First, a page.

Over at Crooked Timber Chris Bertram, Corey Robin and Alex Gourevitch are upset about what they call lack of freedom in the workplace. (Tyler offers his excellent comments immediately below.) They give a grab bag of peculiar examples such as workers can be fired for donating a kidney to their boss, carrying on extramarital affairs, participating in group sex at home, cross-dressing, and more. They seem especially incensed that workers can be commanded to pee or be forbidden to pee. (I will put aside that mandatory drug tests are greatly encouraged by the war on drugs.)
In other words, the CTrs have discovered that the most basic US employment law is at-will employment which means that workers can be fired for just about any reason, outside of a few protected categories such as race, sex, and age. Simply put, an employer can fire you if she doesn’t like you. This is a surprise? No one has a right to a job, a job is an agreement to exchange services for cash and compensation and both parties must agree to the exchange to make it legitimate.
The CTrs do not adequately acknowledge that workers have the same rights as employers. Workers can quit for any reason and they can refuse to work for any employer. If you don’t like the politics of Monsanto, or the NRA or Georgia-Pacific you don’t have to work or even apply for those jobs. Indeed, workers have more rights than employers since workers are not subject to anti-discrimination law; that is, employers are prohibited from discriminating against African American workers but workers are not prohibited from discriminating against African American employers.
If you think that the freedom to quit is without value bear in mind that under feudalism and into the early 19th century in the U.S. and a bit later in Britain employers and even potential employers could prevent workers from quitting and from moving. The freedom to quit was hard won. We should not disparage the liberation brought by a free market in labor.
Turning to the economics, the CTrs are so outraged by an employer’s legal possibilities that they fail to notice that most employers do not in fact fire their workers for having extra-marital affairs. Why not? The reason is that these rights are often more valuable to the employee than to the employer and thus both employee and employer can be made better off if the employee keeps the rights. If the employer values the right more than employee then the employer buys the right with a higher wage. If the employee values the right more than the employer then the employee retains the right at an otherwise lower wage. The employer gets the right only when the employer pays. The same thing is true of control rights, residual rights not explicitly noted in the contract (because of complexity and unforeseen events). The employer buys these rights from the worker when doing so maximizes the total value of the exchange. This is not to say that abuses do not occur, they do, as in all relationships and on both sides, but the CTrs lump abuses and mutually profitable exchanges together–that’s dangerous because in regulating abuses it is very easy to do away with mutually profitable exchanges.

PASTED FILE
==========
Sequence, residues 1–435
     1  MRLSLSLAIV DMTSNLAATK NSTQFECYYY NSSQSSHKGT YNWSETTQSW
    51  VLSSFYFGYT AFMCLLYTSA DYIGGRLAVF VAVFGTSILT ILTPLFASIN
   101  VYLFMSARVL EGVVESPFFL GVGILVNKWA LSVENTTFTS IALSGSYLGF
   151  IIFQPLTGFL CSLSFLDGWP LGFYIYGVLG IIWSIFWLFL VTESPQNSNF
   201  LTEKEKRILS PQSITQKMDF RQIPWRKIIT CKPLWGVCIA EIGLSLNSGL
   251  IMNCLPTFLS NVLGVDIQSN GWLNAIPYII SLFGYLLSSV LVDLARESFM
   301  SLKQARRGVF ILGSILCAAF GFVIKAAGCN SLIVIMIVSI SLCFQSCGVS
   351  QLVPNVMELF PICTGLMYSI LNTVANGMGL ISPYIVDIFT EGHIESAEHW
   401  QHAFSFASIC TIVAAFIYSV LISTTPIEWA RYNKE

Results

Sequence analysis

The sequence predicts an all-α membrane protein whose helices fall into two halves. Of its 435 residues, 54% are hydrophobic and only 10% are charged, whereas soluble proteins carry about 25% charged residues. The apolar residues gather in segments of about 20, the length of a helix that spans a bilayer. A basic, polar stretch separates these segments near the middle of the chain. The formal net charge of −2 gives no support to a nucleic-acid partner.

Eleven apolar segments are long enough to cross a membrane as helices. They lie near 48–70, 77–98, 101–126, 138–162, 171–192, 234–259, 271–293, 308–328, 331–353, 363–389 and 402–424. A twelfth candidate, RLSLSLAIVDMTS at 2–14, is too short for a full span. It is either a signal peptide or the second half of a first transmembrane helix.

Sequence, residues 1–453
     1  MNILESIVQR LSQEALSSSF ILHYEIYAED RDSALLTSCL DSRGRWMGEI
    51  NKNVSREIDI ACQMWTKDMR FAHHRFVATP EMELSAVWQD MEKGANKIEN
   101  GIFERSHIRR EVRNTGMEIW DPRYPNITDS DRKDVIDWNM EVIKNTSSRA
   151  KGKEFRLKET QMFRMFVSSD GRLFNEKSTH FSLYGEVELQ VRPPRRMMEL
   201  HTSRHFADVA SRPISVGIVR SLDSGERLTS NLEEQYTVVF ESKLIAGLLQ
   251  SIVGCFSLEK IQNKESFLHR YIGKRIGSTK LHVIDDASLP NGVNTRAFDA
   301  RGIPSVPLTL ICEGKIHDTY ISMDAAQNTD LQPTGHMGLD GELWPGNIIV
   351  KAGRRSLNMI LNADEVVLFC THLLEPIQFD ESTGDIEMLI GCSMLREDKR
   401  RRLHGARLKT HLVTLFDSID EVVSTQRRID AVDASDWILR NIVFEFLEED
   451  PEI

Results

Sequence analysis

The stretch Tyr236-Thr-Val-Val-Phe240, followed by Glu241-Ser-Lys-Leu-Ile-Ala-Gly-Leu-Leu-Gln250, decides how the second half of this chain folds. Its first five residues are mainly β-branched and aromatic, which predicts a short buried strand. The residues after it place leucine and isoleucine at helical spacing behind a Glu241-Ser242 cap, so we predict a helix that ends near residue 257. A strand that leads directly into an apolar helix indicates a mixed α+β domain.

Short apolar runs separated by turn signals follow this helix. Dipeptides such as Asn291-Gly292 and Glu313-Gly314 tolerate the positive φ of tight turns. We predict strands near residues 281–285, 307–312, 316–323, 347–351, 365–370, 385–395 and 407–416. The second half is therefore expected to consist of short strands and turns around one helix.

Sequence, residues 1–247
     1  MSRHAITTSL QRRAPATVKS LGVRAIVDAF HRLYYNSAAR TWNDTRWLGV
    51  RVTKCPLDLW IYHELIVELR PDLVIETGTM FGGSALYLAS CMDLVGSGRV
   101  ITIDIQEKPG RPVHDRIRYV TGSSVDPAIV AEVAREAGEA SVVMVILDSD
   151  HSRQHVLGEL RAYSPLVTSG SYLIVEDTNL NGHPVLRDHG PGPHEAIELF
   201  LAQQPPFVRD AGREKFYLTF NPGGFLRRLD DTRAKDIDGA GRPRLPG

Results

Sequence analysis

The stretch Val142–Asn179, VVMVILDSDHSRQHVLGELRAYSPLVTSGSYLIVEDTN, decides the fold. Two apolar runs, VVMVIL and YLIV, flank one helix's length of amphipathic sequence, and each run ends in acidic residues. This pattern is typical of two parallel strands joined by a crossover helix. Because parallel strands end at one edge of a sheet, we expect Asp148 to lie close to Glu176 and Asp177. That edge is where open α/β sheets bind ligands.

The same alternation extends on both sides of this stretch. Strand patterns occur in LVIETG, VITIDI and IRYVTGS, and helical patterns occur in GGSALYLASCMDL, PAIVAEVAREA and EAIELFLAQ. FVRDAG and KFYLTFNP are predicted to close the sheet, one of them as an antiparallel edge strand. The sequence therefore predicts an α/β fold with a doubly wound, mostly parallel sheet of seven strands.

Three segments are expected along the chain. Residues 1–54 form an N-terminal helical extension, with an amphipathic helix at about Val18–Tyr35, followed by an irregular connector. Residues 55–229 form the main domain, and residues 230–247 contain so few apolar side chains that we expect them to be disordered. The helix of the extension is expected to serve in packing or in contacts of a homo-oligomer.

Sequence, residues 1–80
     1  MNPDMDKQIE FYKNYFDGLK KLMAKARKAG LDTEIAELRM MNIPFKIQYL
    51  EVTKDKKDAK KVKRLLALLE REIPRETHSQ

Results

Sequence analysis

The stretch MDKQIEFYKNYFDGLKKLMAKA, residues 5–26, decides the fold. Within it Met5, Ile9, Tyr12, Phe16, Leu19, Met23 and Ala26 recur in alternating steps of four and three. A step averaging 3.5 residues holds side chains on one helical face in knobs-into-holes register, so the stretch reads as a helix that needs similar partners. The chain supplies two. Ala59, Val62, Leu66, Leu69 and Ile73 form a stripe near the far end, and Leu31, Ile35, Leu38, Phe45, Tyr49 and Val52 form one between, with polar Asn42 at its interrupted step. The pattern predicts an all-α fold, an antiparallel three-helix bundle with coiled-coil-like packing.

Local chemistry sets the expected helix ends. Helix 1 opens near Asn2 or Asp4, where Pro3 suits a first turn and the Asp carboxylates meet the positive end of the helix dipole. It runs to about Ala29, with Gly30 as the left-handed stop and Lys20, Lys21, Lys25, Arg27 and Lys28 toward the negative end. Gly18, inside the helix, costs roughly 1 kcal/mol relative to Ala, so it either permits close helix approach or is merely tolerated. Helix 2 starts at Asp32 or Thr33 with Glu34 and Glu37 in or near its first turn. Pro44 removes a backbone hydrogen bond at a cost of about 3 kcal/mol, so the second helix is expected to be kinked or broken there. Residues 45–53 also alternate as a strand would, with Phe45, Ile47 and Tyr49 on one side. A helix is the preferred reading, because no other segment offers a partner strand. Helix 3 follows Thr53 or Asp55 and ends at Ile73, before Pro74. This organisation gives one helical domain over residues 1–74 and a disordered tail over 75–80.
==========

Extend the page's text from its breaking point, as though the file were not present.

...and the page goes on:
The greater the productivity of workers and the higher their incomes the less workers will be willing to sell rights for higher wages (i.e. the more willing they will be to pay for better working conditions with lower wages). Workers gain more autonomy as they and their society become more productive. Thus, the best protector of worker autonomy is high productivity and economic growth. (The best protector not the only protector, unions can also serve a useful purpose in this regard as can shareholders and human resource departments.)
If the CTrs were merely arguing for greater economic growth there would be little with which to argue –who doesn’t want bigger televisions and better working conditions? The CTrs, however, confuse wealth and political freedom. Bigger televisions don’t make you more free and neither do better working conditions, even though both goods are desirable.
A job is an exchange with mutual consent and benefits on both sides of the bargain. The freedom is in the right to exchange not in the price at which the exchange occurs. A worker who is paid for 8 hours of work is not a serf 1/3rd of the day. We all sell our labor and we would all like to sell at a higher price but that does not make any of us serfs. From the minimum wage waiter to the highly-paid sports superstar there is dignity in work freely chosen.
To understand freedom and true coercion let us remember that American workers have the freedom to bargain and exchange with American employers, a freedom that gun, barbed wire and electrified fence deny to many millions of less fortunate workers from around the world.